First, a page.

The year 2020 has presented trying challenges; and here in our Florida Parishes region, the passing of an iconic figure, Coach Ronald Cox, has make it that much harder to bear.
A giant of a man both in physical stature and in moral fortitude, Coach Cox touched countless lives during his meaningful and storied career.
I first met Ronald Cox in 2004 when my son Jesse became a member of Coach Cox’s Albany Hornet Basketball Team. As a volunteer driver and chaperone for several basketball camps, I had the privilege of traveling with Coach Cox and getting to know him personally.
We talked basketball, politics, family, and general life topics. I found Ronald to be a coaching master, a teacher, a counselor, father figure, mentor, and friend.
Coach Cox first made his mark in our area as a basketball player for Springfield High School, where he led his team to a 2-A state championship in 1982.
One of the best players to come out of Livingston Parish, Ronald won a scholarship to McNeese State University where he was a teammate and roommate of NBA Hall of Famer guard, Joe Dumars.
I remember having breakfast with Ronald and my two sons, Jesse and Carey, at one of the coach’s favorite places, Golden Corral.
Jesse asked what it was like to play with Joe Dumars, who has been hailed as one of the great defensive guards of all time.
Coach Cox grinned and said in his deep trademark baritone: “We used to make fun of him for not playing defense. He was more interested in scoring.”
Another memory coach liked to share was when he matched up, one on one, with Karl Malone, who would go on to become the second leading scorer in NBA history, behind Kareem Abdul-Jabar. Ronald recently told a friend that after one game in which the 6-foot-4 Ronald held the 6-foot-9 Karl Malone in check, Malone had to begrudgingly shake Ronald’s hand and say, “Good game with your solid butt.”
After his playing days were over, Ronald turned to coaching. He was on the coaching staff of several college programs, including Auburn University and Southeastern Louisiana University. Coach Cox started his high school coaching career in Ruston, but later took the job in Albany to be close to home and family.
Upon taking the position in Albany, Ronald Cox became the first African American to hold a head coaching job in Livingston Parish since desegregation. The parish milestone proved to be advantageous as Coach Cox took a team that had not had a winning season in over a decade and turned it into a contender in his first year. In his second year at Albany, Coach Cox led the squad to the playoffs, and they ended as District 7 3-A Champs.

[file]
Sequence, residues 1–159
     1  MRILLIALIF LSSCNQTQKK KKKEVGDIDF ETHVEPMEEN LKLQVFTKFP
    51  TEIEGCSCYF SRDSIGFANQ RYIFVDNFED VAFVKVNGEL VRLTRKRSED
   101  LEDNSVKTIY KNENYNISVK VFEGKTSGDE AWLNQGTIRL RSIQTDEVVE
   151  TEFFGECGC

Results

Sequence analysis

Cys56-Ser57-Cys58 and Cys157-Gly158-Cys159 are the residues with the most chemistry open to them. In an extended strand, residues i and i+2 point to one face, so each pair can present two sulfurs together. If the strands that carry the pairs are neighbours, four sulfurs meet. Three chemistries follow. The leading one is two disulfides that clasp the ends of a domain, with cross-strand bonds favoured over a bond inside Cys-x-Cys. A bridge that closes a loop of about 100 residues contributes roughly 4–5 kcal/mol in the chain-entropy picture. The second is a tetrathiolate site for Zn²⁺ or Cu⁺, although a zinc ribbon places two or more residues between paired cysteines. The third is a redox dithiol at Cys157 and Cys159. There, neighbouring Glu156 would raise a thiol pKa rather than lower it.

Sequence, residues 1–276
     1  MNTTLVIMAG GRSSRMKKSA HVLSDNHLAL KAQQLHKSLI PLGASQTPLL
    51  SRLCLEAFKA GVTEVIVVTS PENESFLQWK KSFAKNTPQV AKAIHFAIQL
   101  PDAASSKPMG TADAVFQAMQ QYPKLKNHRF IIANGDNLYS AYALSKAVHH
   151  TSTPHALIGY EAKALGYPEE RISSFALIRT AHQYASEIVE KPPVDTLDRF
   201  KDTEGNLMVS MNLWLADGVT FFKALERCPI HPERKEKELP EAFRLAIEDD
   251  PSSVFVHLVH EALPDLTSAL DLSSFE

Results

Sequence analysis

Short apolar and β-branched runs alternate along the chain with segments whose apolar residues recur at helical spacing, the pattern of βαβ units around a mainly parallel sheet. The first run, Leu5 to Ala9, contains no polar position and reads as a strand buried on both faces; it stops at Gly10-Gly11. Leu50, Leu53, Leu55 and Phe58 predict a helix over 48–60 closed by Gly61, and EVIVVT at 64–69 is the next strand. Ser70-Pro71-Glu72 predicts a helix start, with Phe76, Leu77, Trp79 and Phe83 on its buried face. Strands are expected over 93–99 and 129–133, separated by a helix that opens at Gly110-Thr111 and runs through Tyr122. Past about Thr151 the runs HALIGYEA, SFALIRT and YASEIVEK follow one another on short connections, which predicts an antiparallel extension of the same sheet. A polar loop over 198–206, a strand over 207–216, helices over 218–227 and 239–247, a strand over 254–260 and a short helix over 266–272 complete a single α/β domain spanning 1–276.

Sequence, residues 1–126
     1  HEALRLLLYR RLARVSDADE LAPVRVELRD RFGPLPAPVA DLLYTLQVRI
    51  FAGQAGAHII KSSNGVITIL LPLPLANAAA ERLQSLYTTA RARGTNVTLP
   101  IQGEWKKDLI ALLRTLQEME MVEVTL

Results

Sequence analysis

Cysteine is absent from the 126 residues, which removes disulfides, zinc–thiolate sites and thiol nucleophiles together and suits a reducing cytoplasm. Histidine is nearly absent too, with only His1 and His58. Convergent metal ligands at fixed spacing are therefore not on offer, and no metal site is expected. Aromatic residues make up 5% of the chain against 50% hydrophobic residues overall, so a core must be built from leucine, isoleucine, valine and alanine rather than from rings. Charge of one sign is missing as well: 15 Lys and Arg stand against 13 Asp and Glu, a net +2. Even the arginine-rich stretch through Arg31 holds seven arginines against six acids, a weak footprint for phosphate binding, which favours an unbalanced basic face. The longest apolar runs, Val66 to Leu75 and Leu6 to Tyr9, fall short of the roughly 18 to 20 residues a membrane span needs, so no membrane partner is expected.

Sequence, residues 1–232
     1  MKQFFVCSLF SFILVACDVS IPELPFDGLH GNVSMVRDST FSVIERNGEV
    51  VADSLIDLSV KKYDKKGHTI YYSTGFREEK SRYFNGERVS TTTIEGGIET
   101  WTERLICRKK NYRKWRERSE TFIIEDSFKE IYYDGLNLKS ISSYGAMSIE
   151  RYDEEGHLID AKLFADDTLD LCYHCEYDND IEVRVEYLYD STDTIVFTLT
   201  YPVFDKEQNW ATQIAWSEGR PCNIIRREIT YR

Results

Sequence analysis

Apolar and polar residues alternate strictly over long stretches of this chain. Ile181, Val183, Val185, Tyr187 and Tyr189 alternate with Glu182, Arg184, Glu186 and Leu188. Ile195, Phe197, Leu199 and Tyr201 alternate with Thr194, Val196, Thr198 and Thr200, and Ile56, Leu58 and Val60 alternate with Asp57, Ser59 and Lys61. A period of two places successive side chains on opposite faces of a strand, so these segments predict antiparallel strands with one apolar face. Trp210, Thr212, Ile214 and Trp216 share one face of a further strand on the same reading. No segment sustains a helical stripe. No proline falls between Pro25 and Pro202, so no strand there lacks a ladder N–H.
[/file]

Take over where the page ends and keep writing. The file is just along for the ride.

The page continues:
Most recently, Coach Cox was the head basketball coach at Amite High School. My son Jesse as a sportswriter covered many of his former coach’s games. He had this to say about his coach: “He coached many winning teams, and he became a community leader. Not just on the court either. He was a counselor to many students.”
Jesse went on to reminisce of his days as a player and as a student in Coach Cox’s classroom. Jesse said, “He saw a lot in me. He believed in me. He gave me an opportunity when others had written me off. He bucked the system, and he changed the community.”
Jesse is not alone in his admiration and respect for Coach Cox. Love and adulation have been expressed by everyone that I have spoken to, and not just because of Coach Cox’s winning ways. He is being remembered for his professionalism, for his devotion as a teacher, and for his common decency and general concern for people’s welfare.
For example, Amite head football coach Zephaniah Powell said of his colleague that Coach Cox supported all of the young men and women in their journey, whether they were athletes or not.
Powell explained: “He was totally unselfish and went out of his way to welcome me, when I came to Amite.”
Team bus driver and statistician Marcus Downs remembered Coach Cox as a patient mentor who taught the importance of punctuality and how to be a family man with Christian values.
Coach Chris Gordon, who was an assistant under Coach Cox, and Coach Troy Green, who was recruited by Cox at SLU, remembered Ronald as a father figure who filled a void that existed in many young lives – and in many not so young.
So it is with sadness that we say good bye to our gallant and noble friend, Coach Ronald Cox, but we will be forever glad that our paths crossed with his.